Successfully reported this slideshow.
Upcoming SlideShare
×

# Finite Element Analysis of the Aeroelasticity Plates Under Thermal and Aerodynamic Loading

At the flight condition of panel-flutter (usually supersonic flight conditions), the phenomenon is associated with elevated temperatures, produced from the aerodynamic heating through the boundary layer friction and the presence of shock waves. This heating adds to the complexity of the problem by introducing panel stiffness reduction and thermal loading, which might also be associated with post-buckling deflection. In the following, a literature review of panel-flutter analysis and control topics is presented.

#WikiCourses
https://wikicourses.wikispaces.com/TopicX+Nonlinear+Solid+Mechanics
https://eau-esa.wikispaces.com/Topic+Nonlinear+Solid+Mechanics

See all

### Related Audiobooks

#### Free with a 30 day trial from Scribd

See all
• Full Name
Comment goes here.

Are you sure you want to Yes No
• Be the first to comment

### Finite Element Analysis of the Aeroelasticity Plates Under Thermal and Aerodynamic Loading

1. 1. Finite Element Analysis of the Aeroelasticity Plates Under Thermal and Aerodynamic Loading Mohammad Tawfik, PhD Aerospace Engineering Department Cairo University
2. 2. 2 Table of Contents 1. Introduction and Literature Review.....................................................................3 1.1. Panel-Flutter Analysis ....................................................................................5 1.2. Panel-Flutter Control......................................................................................9 2. Derivation of the Finite Element Model............................................................11 2.1. The Displacement Functions ........................................................................11 2.2. Displacement Function in terms of Nodal Displacement.............................12 2.3. Nonlinear Strain Displacement Relation......................................................15 2.4. Inplane Forces and Bending Moments in terms of Nodal Displacements ...18 2.5. Deriving the Element Matrices Using Principal of Virtual Work................19 2.5.1. Virtual work done by external forces .................................................23 3. Solution Procedures and Results of Panel Subjected to Thermal Loading .......25 4. Derivation of the Finite Element Model for Panel-flutter Problem...................28 4.1. Deriving the Element Matrices Using Principal of Virtual Works ..............28 4.2. 1st -Order Piston Theory ................................................................................29 5. Solution Procedure and Results of the Combined Aerodynamic-Thermal Loading Problem ..........................................................................................31 5.1. The Flutter Boundary ...................................................................................31 5.2. The Combined Loading Problem .................................................................34 5.3. The Limit Cycle Amplitude..........................................................................36 6. Concluding Remarks .........................................................................................40 References .............................................................................................................41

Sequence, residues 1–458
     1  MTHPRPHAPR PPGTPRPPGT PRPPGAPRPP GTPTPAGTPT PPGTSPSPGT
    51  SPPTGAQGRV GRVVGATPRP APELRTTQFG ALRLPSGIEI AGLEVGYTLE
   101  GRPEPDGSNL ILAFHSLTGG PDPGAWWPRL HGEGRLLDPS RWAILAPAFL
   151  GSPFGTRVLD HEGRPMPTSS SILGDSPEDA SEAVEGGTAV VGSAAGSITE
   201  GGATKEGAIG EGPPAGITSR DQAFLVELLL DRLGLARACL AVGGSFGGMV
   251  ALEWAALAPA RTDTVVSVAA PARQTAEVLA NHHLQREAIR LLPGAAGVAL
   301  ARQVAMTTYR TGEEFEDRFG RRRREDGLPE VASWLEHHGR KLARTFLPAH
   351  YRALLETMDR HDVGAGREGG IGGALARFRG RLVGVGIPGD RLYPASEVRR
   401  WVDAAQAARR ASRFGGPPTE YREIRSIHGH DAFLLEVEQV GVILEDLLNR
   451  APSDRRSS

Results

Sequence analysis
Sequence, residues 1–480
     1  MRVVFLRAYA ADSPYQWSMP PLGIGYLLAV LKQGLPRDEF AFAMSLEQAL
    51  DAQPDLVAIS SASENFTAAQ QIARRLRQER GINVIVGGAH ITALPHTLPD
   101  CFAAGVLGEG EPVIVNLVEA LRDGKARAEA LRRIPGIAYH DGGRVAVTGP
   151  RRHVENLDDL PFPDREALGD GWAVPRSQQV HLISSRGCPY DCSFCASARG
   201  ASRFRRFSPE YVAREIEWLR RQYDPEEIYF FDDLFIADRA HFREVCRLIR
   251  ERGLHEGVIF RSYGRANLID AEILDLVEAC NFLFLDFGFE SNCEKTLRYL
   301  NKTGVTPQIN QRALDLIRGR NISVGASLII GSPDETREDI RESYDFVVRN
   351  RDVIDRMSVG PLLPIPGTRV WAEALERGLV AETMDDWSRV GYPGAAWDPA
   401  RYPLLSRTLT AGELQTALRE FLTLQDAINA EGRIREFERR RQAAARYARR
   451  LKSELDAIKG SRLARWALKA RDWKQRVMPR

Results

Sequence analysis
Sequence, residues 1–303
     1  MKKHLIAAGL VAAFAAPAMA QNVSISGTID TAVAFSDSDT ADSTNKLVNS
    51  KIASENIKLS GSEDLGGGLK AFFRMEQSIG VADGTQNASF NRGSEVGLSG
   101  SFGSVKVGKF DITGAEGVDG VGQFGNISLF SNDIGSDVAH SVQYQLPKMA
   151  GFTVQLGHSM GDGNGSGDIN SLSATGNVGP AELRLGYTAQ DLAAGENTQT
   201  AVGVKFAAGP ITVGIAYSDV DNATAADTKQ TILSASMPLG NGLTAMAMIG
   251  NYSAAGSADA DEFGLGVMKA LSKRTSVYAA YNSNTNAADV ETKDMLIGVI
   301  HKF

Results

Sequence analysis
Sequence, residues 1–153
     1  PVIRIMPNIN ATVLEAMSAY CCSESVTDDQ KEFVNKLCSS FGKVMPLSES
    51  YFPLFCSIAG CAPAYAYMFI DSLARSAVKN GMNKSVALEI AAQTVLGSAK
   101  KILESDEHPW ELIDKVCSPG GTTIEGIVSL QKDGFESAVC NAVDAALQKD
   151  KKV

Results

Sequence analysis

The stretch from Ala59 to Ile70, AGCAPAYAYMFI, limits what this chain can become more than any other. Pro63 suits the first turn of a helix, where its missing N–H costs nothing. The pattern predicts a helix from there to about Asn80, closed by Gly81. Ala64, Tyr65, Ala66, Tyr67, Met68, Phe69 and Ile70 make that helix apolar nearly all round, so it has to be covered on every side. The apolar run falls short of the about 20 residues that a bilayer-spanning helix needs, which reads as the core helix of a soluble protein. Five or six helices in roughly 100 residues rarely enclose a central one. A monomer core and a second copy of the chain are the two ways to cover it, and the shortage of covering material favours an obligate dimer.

3. 3. 3 1. Introduction and Literature Review Panel-flutter is defined as the self-excited oscillation of the external skin of a flight vehicle when exposed to airflow along its surface ‎1 .‎As‎early‎as‎late‎1950’s,‎the‎problem‎ of panel-flutter has drawn‎the‎researchers’‎attention‎‎1 , but it has not been of high interest until the evolution of the National Aerospace Plane, the High Speed Civil Transport (HSCT), the Advanced Tactical Fighter projects, and F-22 fighter ‎2-‎4 among other projects of high-speed vehicles. At high speed maneuvering of flight vehicles, the external skin might undergo self- excited vibration due to the aerodynamic loading. This phenomenon is known as panel- flutter. Panel-flutter is characterized by having higher vibration amplitude in the third quarter length of the panel (Figure ‎1.1). This phenomena causes the skin panels of the flying vehicle to vibrate laterally with high amplitudes that cause high inplane oscillatory stresses; in turn, those stresses cause the panel to be a subject to fatigue failure. Figure ‎1.1 Sketch of panel-flutter phenomenon